Around 1982, the pace of that twenty-four hour a day business started to take its toll on me. I’d go to sleep at night and wake up two days later, with everyone pissed off at me. I started finding it increasingly difficult to make it through a day without busting into tears (when no one was looking of course). Hey, I played football. My father’s a former Marine. We don’t cry about a dang thing! I didn’t know what was happening to me. I’d quit football, and now I was crying like some baby all the time. What’s next? I stop liking girls? When it came time to cry, which could be anytime, anywhere, and always right out of the blue, there was no holding it back. There was little warning, and within seconds, I’d break like a cheap water balloon on the windshield of an oncoming car, floodgates wide open!
As luck would have it, the bar I worked at wasn’t much different than that of the sitcom Cheers. We had regulars you could set your watch by: The kind of customers who frequented happy hour every day of the week and always arrived at the exact same time, sat in the exact same spot, and ordered the exact same drink with- out fail! I served this one particular customer everyday for months but never bothered to ask what he did for a living. I was always too busy promoting my own business to worry about what anyone else did for a living. (It’s a character flaw I still have, but I’m working on it.) I remember bragging to him about sleeping on the sofa for over two days straight without ever getting up to take off my clothes or to use the bathroom. No drugs. No alcohol. I just fell asleep on the sofa watching TV and didn’t wake up for forty-eight hours! Looking back, my customer started asking me questions shortly after that. I thought nothing of it at the time. I guess it was the way he asked. His questioning came off as idle conversation.
“Hey workin’ man, how long did you end up working yesterday?”
“Are you going to get some rest tonight or are you going to work straight through ‘til daylight again?”
“Hey, Mitch, I haven’t seen you for a few days. Did you fall asleep for forty-eight hours again?”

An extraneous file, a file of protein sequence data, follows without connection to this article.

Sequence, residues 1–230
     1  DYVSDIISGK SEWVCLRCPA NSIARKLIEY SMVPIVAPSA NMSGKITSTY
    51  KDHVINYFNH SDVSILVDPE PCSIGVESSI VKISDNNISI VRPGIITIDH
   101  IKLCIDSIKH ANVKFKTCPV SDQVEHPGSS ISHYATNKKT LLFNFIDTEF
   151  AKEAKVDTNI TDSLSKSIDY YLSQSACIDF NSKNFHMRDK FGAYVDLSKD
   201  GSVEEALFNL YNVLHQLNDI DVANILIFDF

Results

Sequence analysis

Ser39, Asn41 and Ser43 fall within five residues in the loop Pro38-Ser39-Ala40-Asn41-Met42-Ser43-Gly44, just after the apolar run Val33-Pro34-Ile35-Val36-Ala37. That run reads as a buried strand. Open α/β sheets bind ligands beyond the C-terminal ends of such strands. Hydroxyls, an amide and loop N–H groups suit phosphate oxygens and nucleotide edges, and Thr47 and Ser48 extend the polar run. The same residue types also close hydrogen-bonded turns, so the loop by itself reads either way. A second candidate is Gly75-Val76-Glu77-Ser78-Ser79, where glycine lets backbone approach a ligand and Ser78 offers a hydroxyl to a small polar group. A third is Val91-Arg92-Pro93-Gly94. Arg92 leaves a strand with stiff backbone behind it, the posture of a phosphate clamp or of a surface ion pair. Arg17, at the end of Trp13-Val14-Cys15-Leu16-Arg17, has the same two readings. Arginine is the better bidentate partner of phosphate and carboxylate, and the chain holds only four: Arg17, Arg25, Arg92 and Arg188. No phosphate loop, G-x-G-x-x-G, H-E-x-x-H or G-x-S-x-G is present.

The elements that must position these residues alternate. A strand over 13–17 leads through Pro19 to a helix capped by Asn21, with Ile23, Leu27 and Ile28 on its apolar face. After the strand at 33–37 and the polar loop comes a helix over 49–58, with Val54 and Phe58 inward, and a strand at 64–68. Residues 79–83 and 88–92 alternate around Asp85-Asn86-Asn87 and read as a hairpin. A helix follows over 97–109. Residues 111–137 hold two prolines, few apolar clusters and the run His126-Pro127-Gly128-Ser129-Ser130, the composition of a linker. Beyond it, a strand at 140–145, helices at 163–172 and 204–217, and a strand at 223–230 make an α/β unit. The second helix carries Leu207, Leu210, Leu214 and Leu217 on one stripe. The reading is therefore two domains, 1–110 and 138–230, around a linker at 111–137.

“You‘re looking a little stressed my friend. May I buy you a drink?
Is everything okay with you?”
“Mitch, how long have you been in the striping business?” “What do you do for fun? Do you have some fun?”
“When was the last time you took a day off? Do you ever take a vacation?”
One day I was stuck behind the bar talking to this customer when suddenly the dam started breaking. I couldn’t run anywhere to hide so he caught a glimpse of me starting to crack just before I ducked down below the bar. I stayed down on my knees as if to count liquor bottles or something. Really, I was just crying. I’m sure he could hear me sobbing but at least he couldn’t see me. More importantly, I did not have to see him seeing me. I thought the attentive customer had just been keeping up with me over the months through conversations across the bar, but really he had been diagnosing my condition. I guess my unraveling was the last straw for him.
On my next shift, he arrived as usual before the rush. He placed a rather thick book on the bar in front of him. The manager of the bar approached me shortly thereafter and instructed me to go sit with my customer at an out-of-the-way table while he took over my bartending duties for a while. It was early. Business was slow. I thought it was odd but what the heck.